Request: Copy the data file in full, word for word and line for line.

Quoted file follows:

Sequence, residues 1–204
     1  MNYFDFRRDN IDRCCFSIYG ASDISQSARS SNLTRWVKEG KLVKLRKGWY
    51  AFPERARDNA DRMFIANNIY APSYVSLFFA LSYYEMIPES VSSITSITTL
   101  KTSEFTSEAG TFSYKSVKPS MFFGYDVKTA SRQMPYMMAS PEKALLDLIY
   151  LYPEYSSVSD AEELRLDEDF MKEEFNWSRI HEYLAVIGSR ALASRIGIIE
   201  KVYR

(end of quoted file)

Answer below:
Sequence, residues 1–204
     1  MNYFDFRRDN IDRCCFSIYG ASDISQSARS SNLTRWVKEG KLVKLRKGWY
    51  AFPERARDNA DRMFIANNIY APSYVSLFFA LSYYEMIPES VSSITSITTL
   101  KTSEFTSEAG TFSYKSVKPS MFFGYDVKTA SRQMPYMMAS PEKALLDLIY
   151  LYPEYSSVSD AEELRLDEDF MKEEFNWSRI HEYLAVIGSR ALASRIGIIE
   201  KVYR